“Generally speaking, the errors in religion are dangerous; those in philosophy only ridiculous.” ~ David Hume
In a rapidly modernizing world it is argued that cultural differences worldwide need to be ironed for a strife-free and rational global society. Religion – being the “opium of masses” has been a fertile ground for sowing hatred and is responsible for consequent bloodshed. Realizing that religion will not simply vanish from the face of earth overnight, the myth of all sameness of all religions has been purposefully built so that people understand that “In essence, all religions teach the same” or “All religions are equally bad”.
Though an oversimplification, this is more or less true of the two important religions of the world – Christianity and Islam. Both have their own history of brutality and going overboard and committing excesses in their zeal to convert others to their faith.
Yet, euphemism shouldn’t constrain us from exploring what might be politically incorrect but true nonetheless. Let us begin by examining the categories that constitute a religion.
What constitutes Religion?
A religion consists of two broad categories – spiritual and societal.
The spiritual category contains the core philosophy of religion, ethics, moral instructions, and truisms and so on. They are best experienced mostly by insiders though others might still appreciate it.
The societal aspect contains two sub-categories: internal society and external society. Internal society is the advice/instructions given by the scriptures that are to be followed by the adherents of the religion.
But what constitutes the most defining aspect of any religion is its take on “external society”. All the so-called similarities are confined to spiritual domain. Few similarities might exist in internal society injunctions. But the differences are most stark and the myth of similarity stands debunked when the “external society” aspect is analyzed. Ironically, this is the most important factor in any religion as this defines its philosophical maturity and its tolerance of “others”.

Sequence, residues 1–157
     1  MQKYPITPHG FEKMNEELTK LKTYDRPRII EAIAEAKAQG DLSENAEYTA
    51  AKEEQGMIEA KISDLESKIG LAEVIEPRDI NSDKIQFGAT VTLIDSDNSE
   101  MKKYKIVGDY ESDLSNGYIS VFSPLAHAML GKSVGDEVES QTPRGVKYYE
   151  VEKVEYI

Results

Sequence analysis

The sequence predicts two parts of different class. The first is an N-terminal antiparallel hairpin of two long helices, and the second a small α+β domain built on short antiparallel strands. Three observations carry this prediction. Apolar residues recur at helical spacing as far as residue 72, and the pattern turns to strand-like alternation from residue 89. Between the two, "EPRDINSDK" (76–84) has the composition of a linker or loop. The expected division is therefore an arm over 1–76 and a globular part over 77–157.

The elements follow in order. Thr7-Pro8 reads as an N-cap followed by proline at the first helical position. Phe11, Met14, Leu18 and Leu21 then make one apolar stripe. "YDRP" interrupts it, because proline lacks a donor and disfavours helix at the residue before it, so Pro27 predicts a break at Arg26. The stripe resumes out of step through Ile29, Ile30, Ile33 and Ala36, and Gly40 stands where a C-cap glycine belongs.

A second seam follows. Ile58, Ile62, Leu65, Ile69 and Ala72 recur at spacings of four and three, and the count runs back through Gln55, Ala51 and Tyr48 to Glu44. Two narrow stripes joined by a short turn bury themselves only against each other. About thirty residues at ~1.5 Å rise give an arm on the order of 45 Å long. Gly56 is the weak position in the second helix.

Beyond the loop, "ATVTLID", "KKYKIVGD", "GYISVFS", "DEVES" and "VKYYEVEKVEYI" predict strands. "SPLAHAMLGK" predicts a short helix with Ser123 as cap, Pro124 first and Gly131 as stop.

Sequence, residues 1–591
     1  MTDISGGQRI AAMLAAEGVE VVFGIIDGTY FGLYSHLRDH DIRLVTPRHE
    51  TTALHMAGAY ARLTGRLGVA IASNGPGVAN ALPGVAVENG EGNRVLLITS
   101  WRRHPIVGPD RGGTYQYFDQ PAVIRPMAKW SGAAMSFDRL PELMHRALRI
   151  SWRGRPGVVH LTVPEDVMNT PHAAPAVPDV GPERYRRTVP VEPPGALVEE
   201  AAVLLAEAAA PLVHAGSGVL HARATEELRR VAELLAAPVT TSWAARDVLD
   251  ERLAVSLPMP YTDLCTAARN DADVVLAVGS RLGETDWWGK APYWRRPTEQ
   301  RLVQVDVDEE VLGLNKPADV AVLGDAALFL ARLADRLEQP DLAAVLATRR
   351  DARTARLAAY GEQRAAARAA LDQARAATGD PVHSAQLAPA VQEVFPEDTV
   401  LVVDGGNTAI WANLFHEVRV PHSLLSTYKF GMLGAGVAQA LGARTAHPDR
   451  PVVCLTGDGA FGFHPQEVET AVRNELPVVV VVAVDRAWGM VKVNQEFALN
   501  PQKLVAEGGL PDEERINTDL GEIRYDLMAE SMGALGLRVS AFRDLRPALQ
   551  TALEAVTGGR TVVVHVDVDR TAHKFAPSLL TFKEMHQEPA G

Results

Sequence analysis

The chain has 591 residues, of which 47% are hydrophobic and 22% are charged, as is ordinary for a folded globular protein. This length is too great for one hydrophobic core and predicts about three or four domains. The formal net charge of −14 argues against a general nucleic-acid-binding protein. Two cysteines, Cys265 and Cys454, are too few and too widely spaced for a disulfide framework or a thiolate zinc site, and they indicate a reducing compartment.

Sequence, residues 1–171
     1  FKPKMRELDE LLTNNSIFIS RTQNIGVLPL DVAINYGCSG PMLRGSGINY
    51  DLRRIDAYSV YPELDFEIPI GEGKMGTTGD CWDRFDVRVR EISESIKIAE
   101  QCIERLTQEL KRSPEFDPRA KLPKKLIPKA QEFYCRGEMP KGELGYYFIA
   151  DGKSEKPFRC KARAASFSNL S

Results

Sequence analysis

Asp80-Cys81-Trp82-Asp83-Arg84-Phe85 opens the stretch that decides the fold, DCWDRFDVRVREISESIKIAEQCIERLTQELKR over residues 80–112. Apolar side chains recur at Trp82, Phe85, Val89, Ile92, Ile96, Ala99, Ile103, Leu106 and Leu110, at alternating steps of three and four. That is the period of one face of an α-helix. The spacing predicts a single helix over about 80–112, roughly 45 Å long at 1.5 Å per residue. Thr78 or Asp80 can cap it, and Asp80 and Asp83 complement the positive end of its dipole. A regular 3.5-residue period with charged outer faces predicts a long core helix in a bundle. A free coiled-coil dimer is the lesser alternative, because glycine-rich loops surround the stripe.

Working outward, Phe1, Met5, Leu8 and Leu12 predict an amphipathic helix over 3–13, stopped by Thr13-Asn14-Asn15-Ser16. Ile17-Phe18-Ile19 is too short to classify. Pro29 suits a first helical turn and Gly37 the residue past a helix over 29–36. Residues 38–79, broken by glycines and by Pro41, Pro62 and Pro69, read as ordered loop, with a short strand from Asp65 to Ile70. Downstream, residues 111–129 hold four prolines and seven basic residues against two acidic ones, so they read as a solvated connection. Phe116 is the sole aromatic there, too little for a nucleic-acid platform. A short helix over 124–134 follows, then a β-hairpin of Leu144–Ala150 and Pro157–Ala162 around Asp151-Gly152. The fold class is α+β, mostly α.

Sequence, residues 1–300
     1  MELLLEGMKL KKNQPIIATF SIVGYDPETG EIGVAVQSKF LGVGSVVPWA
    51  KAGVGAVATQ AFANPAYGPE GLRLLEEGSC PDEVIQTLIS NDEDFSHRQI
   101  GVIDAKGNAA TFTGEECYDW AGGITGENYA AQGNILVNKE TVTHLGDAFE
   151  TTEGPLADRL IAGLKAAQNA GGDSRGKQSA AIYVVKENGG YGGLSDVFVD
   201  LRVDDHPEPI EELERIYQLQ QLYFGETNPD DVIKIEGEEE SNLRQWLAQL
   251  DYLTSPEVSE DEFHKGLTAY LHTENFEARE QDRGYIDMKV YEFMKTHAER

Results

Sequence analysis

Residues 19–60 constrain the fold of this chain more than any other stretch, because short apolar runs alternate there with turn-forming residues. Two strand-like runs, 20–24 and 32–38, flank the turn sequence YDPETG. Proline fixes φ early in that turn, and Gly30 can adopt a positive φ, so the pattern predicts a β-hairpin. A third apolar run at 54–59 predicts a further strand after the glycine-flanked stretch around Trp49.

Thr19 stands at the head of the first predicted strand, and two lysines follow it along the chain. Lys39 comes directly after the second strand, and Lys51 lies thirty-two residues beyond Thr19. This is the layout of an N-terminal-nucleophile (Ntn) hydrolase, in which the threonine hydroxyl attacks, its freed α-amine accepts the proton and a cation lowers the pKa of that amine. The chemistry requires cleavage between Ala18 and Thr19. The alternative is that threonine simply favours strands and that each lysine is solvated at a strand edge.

When compared with Hinduism, it is clear that there is something different in the theology of Christians/Muslims that drive them in pursuit of conversions. There is something amiss in the self-containment and composure of a Hindu mind compared with the missionary zeal that embodies passionate Christians/Muslims.
For example, though Judaism is the first Semitic religion which inspired Christianity and Islam, their God did not ask its followers to wage a war against the infidels (non-believers). Jews and Christians share common ancestry and similar philosophy (agreed that there are sharp and irreconcilable differences too and there is a history of Jewish prosecution but they operate in similar framework when compared to Indic religions/pagans). Yet, what essentially differentiates them is the “external societal” aspect. Christians are scripturally inspired to evangelize and help others see their truth. Likewise, Muslims are duty-bound to use any means on “others” and forcefully convert them. Jews – whatever their personal beliefs which are actually quite comparable to Christianity & Islam– are not interested in converting others.
Much hue and cry is made to contrast inbuilt socialism of Islam viz. Universal Brotherhood with ingrained fascism of Hinduism viz. caste system. But what we are not informed is that the brotherhood of Islam is for Muslims alone and does not include infidels/non-believers. When Muslims quote “Killing even one innocent is equal to killing humanity” it explicitly excludes non-Muslims from its definition of “innocent” and “humanity”. Their demarcation of world between Land-of-Islam and Lands-to-be-Islamized is very real and clear. Their transnational loyalty towards their brotherhood, insisting on their non-allegiance to the nation they are residing is at the core of Islamophobia today.